War on Plastics May Stunt Oil Demand Growth Projections

Projections of growth in oil demand led by petrochemicals are by no means a sure thing, Richard Chatterton, BNEF’s Head of Oil Demand, said in a report looking at the future of plastics and oil demand. The world’s growing concern about plastics waste, combined with small but growing competition from bio-based plastics, casts serious doubt on those projections.

Forecasters including the International Energy Agency and the U.S. Energy Information Administration expect petrochemicals to lead growth in oil demand through 2040 as use of plastics grows in developing economies, particularly in Asia. For the past 15 years, demand for transportation fuel has been the primary driver of growth, but that demand is expected to peak in the 2020s as more electric vehicles hit the roads.

More than one in 10 barrels of oil, or about 10 million barrels a day, go into petrochemicals, with primary plastics the biggest end-use product. Global production of basic petrochemicals has risen to more than 500 million metric tons a year from less than 300 million in 2000. China is the largest single producer of petrochemicals.

The key assumptions for the continued growth of petrochemicals are:

  • Demand for them will grow at least as fast as global GDP.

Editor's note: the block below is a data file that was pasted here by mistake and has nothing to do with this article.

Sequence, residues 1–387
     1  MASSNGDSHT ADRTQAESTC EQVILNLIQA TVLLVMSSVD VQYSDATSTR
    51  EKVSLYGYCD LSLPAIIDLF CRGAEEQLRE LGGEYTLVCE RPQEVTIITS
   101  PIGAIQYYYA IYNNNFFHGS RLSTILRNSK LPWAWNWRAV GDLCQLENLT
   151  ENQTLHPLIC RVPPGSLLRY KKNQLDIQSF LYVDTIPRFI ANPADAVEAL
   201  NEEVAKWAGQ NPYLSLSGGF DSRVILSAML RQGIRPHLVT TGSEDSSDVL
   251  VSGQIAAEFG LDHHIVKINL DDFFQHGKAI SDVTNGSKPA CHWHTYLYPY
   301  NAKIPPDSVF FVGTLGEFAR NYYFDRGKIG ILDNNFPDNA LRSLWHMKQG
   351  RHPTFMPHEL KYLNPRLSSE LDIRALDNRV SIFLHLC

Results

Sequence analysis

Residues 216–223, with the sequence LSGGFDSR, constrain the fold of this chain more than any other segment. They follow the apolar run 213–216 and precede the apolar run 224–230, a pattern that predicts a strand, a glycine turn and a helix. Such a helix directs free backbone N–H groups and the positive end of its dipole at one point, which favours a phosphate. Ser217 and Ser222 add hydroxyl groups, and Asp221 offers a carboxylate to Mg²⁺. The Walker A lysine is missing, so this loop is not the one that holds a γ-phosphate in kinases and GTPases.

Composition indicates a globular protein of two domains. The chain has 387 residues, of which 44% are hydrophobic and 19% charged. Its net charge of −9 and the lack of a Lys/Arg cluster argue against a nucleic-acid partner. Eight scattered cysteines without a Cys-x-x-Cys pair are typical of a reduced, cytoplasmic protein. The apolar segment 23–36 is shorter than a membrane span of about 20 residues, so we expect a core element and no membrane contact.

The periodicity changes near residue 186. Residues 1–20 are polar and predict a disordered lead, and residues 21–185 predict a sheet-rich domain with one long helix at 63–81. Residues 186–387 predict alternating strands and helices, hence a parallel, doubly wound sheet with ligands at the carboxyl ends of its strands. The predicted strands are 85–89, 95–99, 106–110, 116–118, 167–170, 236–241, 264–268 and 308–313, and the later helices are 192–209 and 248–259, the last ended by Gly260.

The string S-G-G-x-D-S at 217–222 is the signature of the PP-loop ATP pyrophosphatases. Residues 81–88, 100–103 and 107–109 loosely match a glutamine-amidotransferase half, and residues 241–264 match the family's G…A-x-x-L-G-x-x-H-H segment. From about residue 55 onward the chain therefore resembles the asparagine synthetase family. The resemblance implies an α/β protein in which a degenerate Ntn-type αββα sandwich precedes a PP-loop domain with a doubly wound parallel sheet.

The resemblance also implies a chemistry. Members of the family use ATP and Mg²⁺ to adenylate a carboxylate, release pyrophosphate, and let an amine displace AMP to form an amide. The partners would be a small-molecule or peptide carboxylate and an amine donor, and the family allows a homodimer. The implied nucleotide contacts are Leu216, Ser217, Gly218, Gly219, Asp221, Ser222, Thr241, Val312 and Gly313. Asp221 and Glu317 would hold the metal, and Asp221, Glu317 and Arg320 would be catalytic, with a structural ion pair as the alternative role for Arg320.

• Use will grow substantially in developing economies as emerging middle classes demand more packaged goods.
  • Recycling will be limited.
  • The development of alternatives will be limited.

The automotive and construction sectors are likely to incorporate more plastics as manufacturers try to reduce weight and boost efficiency, but the effort to limit packaging plastics waste threatens all those other assumptions, Chatterton said.

That effort is taking place on multiple fronts:

  • The recycling rate, now 18 percent, is growing about 1 point a year thanks to improving economics and government incentives.
  • Regulators and public activists are taking on single-use plastics like bags and straws.
  • Corporations including Coca-Cola, McDonald’s and Starbucks are pledging to reduce their consumption.

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